Technically, 'Titanic' is a big winner But top awards to Basinger, Hunt, Williams put a chill on thoughts of the big ship sailing off with a record number

March 24, 1998|By Ann Hornaday | Ann Hornaday,SUN FILM CRITIC

Taste, restraint and a few warm surprises were the order of the day at the 70th Academy Awards last night.

The first award announced was also the evening's first upset, when a visibly stunned Kim Basinger took the Oscar for best supporting actress for her performance in "L.A. Confidential." Gloria Stuart, the 87-year-old actress who played a Titanic survivor in James Cameron's "Titanic," was expected by most odds-makers to win.

Although "Titanic" had managed to sweep the awards in most technical categories, in artistic categories, the winners were sprinkled throughout the nominees. Every film that was nominated went home with something in its pocket.

Helen Hunt won best actress for "As Good As It Gets," beating a line-up that included British veterans Julie Christie and Judi Dench. Jack Nicholson also won best actor for his performance as an obsessive-compulsive author in that film. Nicholson has been nominated a record 11 times and has won twice before, for "One Flew Over the Cuckoo's Nest" and "Terms of Endearment."

The best supporting actor Oscar went to Robin Williams, who had been nominated three times, for his performance as a perseverant psychologist in the coming-of-age drama "Good Will Hunting." That film's writing team, Ben Affleck and Matt Damon, also won for best original screenplay.

Even "The Full Monty," the British working-class comedy that was this year's dark horse, won an Oscar, for best musical or comedy score.

Still, it was a night to remember for the cast and crew of "Titanic." James Cameron won for best director. In addition to Oscars for costume design, film editing, visual effects, sound, cinematography and sound effects, "Titanic" also won for best original score for James Horner's musical score and best original song for "My Heart Will Go On."

Last year's Oscars, which went to such non-major-studio fare as "Shine," "Fargo" and "The English Patient," led to 1996 being dubbed the "Year of the Independents." This year Hollywood came back with a vengeance: Such major players as Warner Brothers, Paramount, 20th Century Fox and Sony were represented in the field of nominees, all of which shared a penchant for such modest -- but enduring -- values as story, character and strong emotion. "As Good As It Gets," "The Full Monty," "Good Will Hunting" and "L.A. Confidential" all shared smaller canvases and attention to detail and story that have been missing from Hollywood productions in recent years.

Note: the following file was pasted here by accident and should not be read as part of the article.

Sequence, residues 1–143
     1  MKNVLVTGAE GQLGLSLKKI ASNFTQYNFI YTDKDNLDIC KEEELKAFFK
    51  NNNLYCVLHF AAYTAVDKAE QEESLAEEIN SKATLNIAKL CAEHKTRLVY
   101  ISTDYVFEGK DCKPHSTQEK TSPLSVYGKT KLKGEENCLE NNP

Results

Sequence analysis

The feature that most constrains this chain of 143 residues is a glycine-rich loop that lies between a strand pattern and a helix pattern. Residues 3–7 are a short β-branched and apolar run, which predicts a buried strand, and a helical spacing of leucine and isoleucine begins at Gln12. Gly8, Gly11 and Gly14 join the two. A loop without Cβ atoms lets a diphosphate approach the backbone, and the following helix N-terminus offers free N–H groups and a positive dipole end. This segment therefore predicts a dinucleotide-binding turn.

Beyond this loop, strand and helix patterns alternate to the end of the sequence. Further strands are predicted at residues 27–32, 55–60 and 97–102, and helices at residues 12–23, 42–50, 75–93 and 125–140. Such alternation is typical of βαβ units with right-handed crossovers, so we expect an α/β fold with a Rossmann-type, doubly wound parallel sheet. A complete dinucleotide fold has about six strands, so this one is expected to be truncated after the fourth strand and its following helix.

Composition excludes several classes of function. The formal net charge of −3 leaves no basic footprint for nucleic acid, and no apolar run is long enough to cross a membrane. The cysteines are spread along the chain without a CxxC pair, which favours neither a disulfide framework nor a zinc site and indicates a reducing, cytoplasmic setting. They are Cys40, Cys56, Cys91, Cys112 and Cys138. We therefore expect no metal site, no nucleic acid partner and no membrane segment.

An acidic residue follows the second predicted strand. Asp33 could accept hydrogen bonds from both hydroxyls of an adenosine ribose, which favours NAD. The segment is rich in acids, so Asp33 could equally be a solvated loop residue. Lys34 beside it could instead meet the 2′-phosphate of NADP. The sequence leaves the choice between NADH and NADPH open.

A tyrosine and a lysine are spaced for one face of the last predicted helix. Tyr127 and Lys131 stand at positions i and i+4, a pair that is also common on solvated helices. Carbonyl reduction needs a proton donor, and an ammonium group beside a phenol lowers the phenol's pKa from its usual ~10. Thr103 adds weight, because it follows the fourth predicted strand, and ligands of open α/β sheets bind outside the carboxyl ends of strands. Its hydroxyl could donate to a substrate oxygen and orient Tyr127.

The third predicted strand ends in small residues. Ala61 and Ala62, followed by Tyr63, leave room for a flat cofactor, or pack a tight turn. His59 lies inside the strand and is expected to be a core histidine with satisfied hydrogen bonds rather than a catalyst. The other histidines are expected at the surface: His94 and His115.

But, as a film featuring clips from the 69 previous best films amply demonstrated, Hollywood has always been at its best when it sold the story with spectacle. And it was that tradition that James Cameron's "Titanic," the $200 million behemoth that naysayers were prematurely burying last summer, so grandly evoked. Besides being the sort of big-budget extravaganza that defines Hollywood's more explosive side, "Titanic" was just as much a product of Cameron's personal vision and determination as the scrappiest independent film: When the film went $100 million over budget, Cameron gave up his own percentage of the box office rather than compromise.

The Academy Awards ceremony got off to what is fast becoming a traditional and beloved start: host Billy Crystal's hilarious montage of clips from films nominated for best motion picture, wherein he inserts himself in key scenes. Whether he was being dunked into a toilet in the middle of "L.A. Confidential" or performing as Sammy Davis Jr. in the hold of the Titanic, he never missed a beat.

The ceremony was held at Shrine Auditorium in Los Angeles and every living winner of supporting and lead acting awards was invited. In addition to lively montages featuring great animals in films, visual-effects tricks and memorable Oscar moments, Crystal waded into the glittering audience to introduce some of Hollywood's most venerable stars. Fay Wray looked befuddled as Crystal picked her out of the audience, urging her to help him introduce screenplay nominees Ben Affleck and Matt Damon.

For a cultural event that has been marked in years past by outrageous costumes, memorable gaffes and political agitprop, the 70th anniversary was tasteful to the point of being lackluster.

Presenting teams have been eliminated, as well as painful patter. The winners stuck to their allotted 30-second time for acceptance speeches, gowns were pared down and accessorized with simple jewelry, and production numbers were blessedly kept to a minimum. (One exception was an ill-advised ballet set to music from Oscar-nominated musical or comedy scores, which featured robotic choreography and a graceless bungee-like contraption.)

One of the evening's high points was Stanley Donen, the visionary director of such MGM musicals as "Singin' in the Rain" and "Funny Face," singing "Cheek to Cheek" and hoofing with his honorary Oscar, presented to him by director Martin Scorsese.

"Ben-Hur" holds the record for most Oscars, having won 11 in 1959. "Titanic's" 14 nominations tied the record set by 1950's "All About Eve."

Pub Date: 3/24/98

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